Zarif & Kerry

Is America creating a diplomatic crisis over the Iran Deal?

The National Interest  | Lawrence J. Korb: Though Congress did not overturn the nuclear deal that the Obama administration and five other countries negotiated with Iran, known as the Joint Comprehensive Plan of Action (JCPOA), it required the president to certify Iran’s compliance every ninety days.

Despite a campaign commitment to tear in half his predecessor’s hallmark achievement, President Trump has yet to forfeit the deal. Indeed, the president certified Iran’s compliance in July. After doing so reluctantly, he suggested that he would attempt to exit the deal at his next opportunity.

Last week, U.S. ambassador to the United Nations Nikki Haley addressed the issue at the American Enterprise Institute. Haley asserted that a decision to declare Iran noncompliant “has ground to stand on,” even if international inspectors certify Iran’s compliance, but that “does not mean the United States is withdrawing from the JCPOA.” Suppose the United States does withdraw?

What does a post-deal world look like? It would be a world in which American diplomacy would suffer and the transatlantic relationship would be further strained. Iran would likely resume its pursuit of a nuclear weapon. Also, preventive strikes against Iran would increasingly become necessary and war more likely.

The JCPOA is not an Iranian-American accord; it is a multilateral one. The United States and Iran negotiated the deal in coordination the European Union High Representative and the permanent five members of the United Nations Security Council, plus Germany (P5+1). A U.S. exit would endanger future diplomatic efforts with U.S. allies and adversaries.

Diplomacy requires a degree of trust, however minimal, that only regular interaction can produce. If the United States exits the deal, then it will affirm Iran’s mistrust, and dampen—if not eliminate—Iran’s interest in future negotiation. This adds a point to realism’s scoreboard at the expense of international security. By forgoing a diplomatic approach, the United States will limit its available tools to arrest Iran’s nuclear program. Moreover, a U.S. exit would further divide transatlantic relations.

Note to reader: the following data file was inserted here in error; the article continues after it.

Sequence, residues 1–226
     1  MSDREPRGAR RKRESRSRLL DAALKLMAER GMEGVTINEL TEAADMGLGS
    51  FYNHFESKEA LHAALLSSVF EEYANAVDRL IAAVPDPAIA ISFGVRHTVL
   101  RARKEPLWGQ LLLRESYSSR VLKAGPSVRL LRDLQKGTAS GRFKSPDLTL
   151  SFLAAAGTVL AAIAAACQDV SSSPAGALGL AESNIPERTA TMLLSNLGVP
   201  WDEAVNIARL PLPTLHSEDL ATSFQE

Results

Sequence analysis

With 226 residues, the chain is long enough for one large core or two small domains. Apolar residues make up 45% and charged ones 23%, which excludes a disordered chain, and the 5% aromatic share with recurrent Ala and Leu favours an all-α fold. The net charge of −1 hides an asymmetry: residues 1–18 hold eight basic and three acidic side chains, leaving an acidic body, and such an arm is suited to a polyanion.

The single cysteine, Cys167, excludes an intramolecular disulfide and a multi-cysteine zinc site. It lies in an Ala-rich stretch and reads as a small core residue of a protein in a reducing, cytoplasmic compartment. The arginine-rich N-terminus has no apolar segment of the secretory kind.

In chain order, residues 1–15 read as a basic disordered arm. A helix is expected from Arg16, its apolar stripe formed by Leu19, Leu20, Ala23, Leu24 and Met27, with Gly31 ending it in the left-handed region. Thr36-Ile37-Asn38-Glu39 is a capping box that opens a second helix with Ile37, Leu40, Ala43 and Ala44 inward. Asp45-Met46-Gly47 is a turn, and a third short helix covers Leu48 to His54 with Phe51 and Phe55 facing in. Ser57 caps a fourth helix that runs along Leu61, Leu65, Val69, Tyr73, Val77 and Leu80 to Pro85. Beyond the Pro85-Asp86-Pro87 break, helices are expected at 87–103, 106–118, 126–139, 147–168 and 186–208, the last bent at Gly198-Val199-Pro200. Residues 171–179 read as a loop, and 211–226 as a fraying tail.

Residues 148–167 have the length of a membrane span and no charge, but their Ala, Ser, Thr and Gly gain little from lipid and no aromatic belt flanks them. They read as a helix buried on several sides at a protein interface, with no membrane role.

The United States might be tempted to declare Iran in violation of the agreement, but the Europeans share no such temptation. Former U.S. ambassador John Bolton recommends an intense diplomatic campaign to court U.S. allies if the president abrogates the deal. However, this is unlikely to mend the damage caused by a U.S. withdrawal. In addition to the U.S. State Department and intelligence community, European capitals have affirmed Iran’s compliance. As the French ambassador noted after Haley’s address, “The Iran deal is about the nuclear issue, nothing else. So far Iran is abiding by the commitments taken in this mutually agreed framework.”

Europe is more inclined toward economic arrangements with Iran, and therefore less inclined to reinstate sanctions, let alone military confrontation. A U.S. withdrawal that falsely alleges Iranian violation would cede the diplomatic high ground. The global community, including U.S. allies, might perceive the United States in bad faith, not Iran. In the future, this would further inhibit the ability of the United States to build diplomatic coalitions and apply coercive measures to Iran. At the extreme, the United States may need to go it alone in a conventional conflict.

Most U.S. allies in Europe had precious little interest in the Iraq war. They would have less in an Iran war. This means the United States could bear the full burden of war fighting. After over a decade of costly operations in the Middle East and executing a military rebalance to the Asia-Pacific region, the U.S. military and public is war-weary. Moreover, European support for current operations might wane. These partners also fight alongside the United States in the Resolute Support mission in Afghanistan and the coalition to defeat the Islamic State.